"Social Justice Blogging ." Know Your Meme. Accessed
February 27, 2017. http://knowyourmeme.com/
Identity is intrinsically based in an "us-versus-them" framework. In Chapter 4 ("Male homosexual identity in Hong Kong: A social construction") of Sex and Desire in Hong Kong, Petula Sik Ying Ho and Ka Tat Tsang describe the gradual process in which gay male Hong Kongers assume their "homosexual" identities. Through the assignation of labels, these men engage in informal and subconscious acts of meaning-making or, rather, (more passively) meaning-adoption. While these men grow to experience and recognize their own homoerotic desires, the language used to describe these feelings/fantasies/acts comes later (100-1) – an example of linguistic relativity, again.
Thus, the politics of labeling are grounded in an individual's ability to imagine themselves as part of a distinct group of people – definable by shared attributes; "Identity, in this sense, is grounded primarily on the similarity that an individual believes he/she shares with other people as it is expressed in the discursive domain through particular signifiers" (103). These politics are also dependent upon an individual's ability to perform the script of that identity – adopting the culture attached to it, the social mannerisms – overall endeavoring to be more like those with whom one shares this identity. This conformity/mimicry evokes a sense of belonging.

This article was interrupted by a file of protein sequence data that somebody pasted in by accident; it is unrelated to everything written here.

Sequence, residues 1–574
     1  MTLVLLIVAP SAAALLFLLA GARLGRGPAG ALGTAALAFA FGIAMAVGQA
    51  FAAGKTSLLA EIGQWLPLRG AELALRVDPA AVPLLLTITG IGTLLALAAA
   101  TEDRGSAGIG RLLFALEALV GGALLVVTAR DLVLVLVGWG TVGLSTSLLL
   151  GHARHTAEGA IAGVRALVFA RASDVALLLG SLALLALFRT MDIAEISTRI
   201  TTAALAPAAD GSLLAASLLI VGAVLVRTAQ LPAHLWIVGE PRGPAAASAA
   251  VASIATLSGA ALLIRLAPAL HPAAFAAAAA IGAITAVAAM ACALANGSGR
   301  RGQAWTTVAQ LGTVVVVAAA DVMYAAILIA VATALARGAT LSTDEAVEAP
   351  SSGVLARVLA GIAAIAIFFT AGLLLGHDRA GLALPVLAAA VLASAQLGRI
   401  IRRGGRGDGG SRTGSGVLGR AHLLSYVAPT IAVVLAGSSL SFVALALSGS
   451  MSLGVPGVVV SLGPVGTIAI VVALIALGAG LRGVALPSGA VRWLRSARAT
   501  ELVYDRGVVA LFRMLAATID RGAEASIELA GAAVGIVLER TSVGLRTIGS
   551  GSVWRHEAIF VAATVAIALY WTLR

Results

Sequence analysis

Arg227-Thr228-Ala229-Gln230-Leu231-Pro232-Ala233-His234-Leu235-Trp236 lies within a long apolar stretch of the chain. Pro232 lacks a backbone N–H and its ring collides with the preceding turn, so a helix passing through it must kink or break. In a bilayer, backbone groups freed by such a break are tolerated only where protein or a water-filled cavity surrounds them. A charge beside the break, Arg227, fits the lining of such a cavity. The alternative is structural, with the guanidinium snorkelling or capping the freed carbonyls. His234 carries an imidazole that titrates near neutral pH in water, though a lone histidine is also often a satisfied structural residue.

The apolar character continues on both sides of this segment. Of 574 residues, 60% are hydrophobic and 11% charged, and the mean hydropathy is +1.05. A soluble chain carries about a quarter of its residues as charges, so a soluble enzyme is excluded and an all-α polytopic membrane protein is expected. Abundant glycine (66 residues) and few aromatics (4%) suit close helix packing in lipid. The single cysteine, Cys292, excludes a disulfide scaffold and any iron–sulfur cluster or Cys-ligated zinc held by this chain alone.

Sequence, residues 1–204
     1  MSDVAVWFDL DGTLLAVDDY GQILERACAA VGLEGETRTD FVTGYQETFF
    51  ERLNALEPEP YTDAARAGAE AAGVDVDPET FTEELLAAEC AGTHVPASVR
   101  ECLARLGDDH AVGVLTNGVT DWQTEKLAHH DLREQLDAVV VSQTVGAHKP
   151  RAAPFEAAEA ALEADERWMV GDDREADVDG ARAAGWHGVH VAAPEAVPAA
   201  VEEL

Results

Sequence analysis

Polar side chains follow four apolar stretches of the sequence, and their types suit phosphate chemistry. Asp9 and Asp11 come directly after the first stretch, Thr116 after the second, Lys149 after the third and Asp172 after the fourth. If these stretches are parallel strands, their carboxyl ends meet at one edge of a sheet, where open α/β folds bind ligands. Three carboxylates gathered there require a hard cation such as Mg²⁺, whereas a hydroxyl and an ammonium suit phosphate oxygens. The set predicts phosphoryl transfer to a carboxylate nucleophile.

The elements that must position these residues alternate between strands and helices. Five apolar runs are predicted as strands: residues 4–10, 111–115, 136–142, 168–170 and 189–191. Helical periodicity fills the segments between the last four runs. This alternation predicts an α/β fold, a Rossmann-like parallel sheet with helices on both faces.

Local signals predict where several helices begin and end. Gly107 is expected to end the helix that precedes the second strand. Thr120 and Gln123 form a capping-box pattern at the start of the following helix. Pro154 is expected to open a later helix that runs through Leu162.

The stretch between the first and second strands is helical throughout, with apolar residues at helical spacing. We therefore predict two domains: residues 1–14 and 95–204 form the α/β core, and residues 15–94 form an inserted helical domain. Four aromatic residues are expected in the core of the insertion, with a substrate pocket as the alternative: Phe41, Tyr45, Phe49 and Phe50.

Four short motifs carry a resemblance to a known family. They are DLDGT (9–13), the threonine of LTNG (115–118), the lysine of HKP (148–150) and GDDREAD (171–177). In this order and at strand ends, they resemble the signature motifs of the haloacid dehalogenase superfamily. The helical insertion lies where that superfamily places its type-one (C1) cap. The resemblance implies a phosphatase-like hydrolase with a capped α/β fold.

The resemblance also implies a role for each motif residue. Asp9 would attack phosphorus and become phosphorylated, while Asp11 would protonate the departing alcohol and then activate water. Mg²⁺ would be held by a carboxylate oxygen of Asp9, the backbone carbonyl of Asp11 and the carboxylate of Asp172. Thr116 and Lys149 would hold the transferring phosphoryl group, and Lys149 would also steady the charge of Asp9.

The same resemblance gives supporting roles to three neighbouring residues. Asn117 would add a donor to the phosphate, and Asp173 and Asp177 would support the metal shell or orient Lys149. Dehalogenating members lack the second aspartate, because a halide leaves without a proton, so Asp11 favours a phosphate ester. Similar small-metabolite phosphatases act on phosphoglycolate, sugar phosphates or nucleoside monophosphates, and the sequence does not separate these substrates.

This semi-microsociological process of individuated/communal identity mirrors Benedict Anderson's theory of the imagined community (used to describe the construction of a nationalist consciousness). Does "human nature" tend towards same seeking same, like attracting like? This supposed "natural tendency" towards homogeneity (pun intended) conflicts with contemporary promotions of multiculturalism – of prioritizing "salad bowl" rhetoric over that of the "melting pot." Is this disconnect the reason why respectability politics discursively engage similarity as a means of gaining sympathy (e.g., "love is love," "we're all humans," "I don't see color," etc.) – no matter how false, absurd or counterproductive (in the long-term) it is?
Chapter 8 ("Identity Politics and Hong Kong's Return to Chinese Sovereignty") of John Flowerdew's Critical Discourse Analysis in Historiography : The Case of Hong Kong's Evolving Political Identity specifically touches on the issue of language choice/use. Discussing the bilingualism of Hong Kongese society and the symbolism embedded within it, Flowerdew observes that Cantonese represents "the mother tongue" and "a language of solidarity," while English showcases the city's "developed," "modernized," and "international/cosmopolitan" status (176). However, as China continues to gradually phase out Cantonese and traditional characters, just as localists increasingly cling to the two as unique components of their identity, we are left with an important question. In a post-retrocession age, how will conflicts over rhetoric and dialect continue to materialize in Hong Kongers' everyday lives, as well as specifically influence the politics (and affiliations) of the tongzhi community?